A series of field experiments were carried out on Kimberlite mine tailing located at Cullinan in the Transvaal. The most successful species in pure sward were Chloris gayana, Cynodon aethiopicus, Eragrostis curvula, E. tef, Pennisetum purpureum, Melilotus alban and Medicago sativa. Growth of grasses in the absence of substantial applications of fertilizer N and P was negligible. Additions of sewage sludge considerably improved initial performances, but supplementary N and P was necessary to maintain satisfactory growth. Despite conditions of severe moisture stress, a good cover was produced by a mixed sward with C. gayana, E. curvula, M. alba, and M. sativa being the dominant species. Sewage sludge in combination with fertilizer N and P resulted in excellent growth of C. gayana, E. tef and C. aethopicus on a steep slope (+ 350 ). However, in the absence of sewage sludge, growth was limited mainly to the vegetatively propagated C. aethopicus.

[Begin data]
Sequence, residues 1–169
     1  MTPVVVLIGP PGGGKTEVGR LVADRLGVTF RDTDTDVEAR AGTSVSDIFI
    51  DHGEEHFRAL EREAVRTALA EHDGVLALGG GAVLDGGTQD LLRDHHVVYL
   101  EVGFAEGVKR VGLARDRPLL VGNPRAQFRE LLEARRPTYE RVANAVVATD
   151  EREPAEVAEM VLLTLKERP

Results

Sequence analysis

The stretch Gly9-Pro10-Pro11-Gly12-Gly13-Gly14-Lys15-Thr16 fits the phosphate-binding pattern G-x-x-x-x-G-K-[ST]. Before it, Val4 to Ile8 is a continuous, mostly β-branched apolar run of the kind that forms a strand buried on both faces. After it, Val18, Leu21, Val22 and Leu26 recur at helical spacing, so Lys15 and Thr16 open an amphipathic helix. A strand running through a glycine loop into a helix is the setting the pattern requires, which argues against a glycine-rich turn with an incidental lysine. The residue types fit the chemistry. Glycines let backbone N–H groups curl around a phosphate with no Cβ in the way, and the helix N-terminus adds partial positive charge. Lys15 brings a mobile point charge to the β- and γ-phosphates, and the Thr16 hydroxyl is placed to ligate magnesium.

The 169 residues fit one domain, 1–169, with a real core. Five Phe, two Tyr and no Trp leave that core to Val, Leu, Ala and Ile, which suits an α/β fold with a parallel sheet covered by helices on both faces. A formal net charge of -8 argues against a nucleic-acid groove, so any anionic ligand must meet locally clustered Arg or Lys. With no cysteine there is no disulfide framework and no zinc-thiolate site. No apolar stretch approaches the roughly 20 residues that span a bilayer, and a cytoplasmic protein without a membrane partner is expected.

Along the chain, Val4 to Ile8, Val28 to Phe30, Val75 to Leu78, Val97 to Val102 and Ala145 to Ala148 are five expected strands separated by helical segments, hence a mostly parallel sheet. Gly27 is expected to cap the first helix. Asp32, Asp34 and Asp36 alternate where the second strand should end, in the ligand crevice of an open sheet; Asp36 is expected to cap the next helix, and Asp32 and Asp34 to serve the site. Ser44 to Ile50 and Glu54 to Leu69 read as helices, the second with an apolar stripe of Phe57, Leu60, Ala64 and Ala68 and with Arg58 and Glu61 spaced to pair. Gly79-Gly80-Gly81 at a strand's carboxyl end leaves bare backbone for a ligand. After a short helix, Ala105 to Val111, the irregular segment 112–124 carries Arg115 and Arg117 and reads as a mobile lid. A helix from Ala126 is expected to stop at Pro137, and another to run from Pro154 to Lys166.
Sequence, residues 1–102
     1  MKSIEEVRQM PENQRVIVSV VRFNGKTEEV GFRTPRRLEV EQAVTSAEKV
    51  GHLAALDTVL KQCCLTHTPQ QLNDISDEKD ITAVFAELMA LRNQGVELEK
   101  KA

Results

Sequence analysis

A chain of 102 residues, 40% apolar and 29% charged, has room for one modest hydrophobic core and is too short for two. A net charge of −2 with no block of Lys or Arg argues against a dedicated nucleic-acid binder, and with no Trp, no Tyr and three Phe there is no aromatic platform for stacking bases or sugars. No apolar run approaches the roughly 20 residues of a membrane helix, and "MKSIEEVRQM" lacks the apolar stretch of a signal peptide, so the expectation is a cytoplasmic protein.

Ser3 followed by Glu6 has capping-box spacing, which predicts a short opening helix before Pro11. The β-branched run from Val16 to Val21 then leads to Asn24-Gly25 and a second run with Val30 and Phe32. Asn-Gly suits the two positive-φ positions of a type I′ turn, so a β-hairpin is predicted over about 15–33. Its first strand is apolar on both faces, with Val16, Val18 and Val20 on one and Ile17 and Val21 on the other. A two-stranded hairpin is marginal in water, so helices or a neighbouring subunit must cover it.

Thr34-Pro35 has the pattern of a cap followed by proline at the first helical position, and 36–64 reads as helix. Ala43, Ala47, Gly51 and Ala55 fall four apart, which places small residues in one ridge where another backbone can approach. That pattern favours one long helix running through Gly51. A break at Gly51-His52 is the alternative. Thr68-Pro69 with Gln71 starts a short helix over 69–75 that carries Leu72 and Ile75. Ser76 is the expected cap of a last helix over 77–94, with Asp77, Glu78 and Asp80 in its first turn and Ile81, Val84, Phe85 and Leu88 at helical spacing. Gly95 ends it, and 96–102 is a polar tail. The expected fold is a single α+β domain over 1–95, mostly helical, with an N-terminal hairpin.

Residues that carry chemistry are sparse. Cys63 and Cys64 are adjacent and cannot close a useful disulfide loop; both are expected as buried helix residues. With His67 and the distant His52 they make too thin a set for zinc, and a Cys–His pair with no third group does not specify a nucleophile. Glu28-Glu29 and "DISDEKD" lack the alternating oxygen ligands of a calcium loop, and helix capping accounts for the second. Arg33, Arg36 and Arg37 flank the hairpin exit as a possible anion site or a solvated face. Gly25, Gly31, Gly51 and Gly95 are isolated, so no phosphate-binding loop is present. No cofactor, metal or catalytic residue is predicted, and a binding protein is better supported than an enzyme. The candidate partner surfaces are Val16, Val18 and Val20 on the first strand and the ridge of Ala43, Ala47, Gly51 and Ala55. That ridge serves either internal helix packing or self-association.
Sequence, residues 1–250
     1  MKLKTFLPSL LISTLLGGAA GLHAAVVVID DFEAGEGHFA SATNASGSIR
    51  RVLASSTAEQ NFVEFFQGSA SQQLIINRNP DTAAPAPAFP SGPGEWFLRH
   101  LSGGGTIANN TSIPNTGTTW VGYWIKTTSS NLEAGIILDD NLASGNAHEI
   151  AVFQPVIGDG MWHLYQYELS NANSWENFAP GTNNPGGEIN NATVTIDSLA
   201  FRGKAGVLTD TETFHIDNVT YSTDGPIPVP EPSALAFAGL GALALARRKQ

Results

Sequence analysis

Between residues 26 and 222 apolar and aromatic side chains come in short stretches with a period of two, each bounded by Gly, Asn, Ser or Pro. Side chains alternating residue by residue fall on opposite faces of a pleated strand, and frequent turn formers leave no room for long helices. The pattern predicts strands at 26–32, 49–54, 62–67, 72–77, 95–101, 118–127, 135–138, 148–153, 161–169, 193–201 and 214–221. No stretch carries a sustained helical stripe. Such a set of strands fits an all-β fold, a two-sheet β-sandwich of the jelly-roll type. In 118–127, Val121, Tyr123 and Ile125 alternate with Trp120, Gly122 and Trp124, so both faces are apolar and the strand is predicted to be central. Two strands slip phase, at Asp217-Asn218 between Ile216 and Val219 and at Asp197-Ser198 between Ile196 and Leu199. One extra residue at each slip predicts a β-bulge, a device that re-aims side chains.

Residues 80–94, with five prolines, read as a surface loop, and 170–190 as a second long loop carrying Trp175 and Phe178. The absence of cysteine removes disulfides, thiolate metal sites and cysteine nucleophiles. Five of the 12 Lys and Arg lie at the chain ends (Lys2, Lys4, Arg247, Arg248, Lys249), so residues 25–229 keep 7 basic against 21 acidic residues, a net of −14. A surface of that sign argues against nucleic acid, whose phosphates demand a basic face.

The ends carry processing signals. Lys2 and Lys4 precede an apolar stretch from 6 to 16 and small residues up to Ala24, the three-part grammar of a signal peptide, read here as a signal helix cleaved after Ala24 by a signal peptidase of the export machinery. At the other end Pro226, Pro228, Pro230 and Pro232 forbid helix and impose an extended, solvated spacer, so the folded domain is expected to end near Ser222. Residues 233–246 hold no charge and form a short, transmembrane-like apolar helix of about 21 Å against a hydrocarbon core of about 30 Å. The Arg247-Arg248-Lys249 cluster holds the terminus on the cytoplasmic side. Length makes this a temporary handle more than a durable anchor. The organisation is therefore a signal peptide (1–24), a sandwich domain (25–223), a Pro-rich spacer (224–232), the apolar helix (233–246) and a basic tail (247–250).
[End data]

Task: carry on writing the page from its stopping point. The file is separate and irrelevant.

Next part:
Keywords: chloris gayana; cover; cullinan; cynodon aethiopicus; eragrostis curvula; eragrostis tef; fertilizer; field trial; grasses; growth; kimberlite; medicago sativa; melilotus alba; mine dump rehabilitation; moisture; moisture stress; pennisetum purpureum; performance; slope; south africa; stress; transvaal; vegetation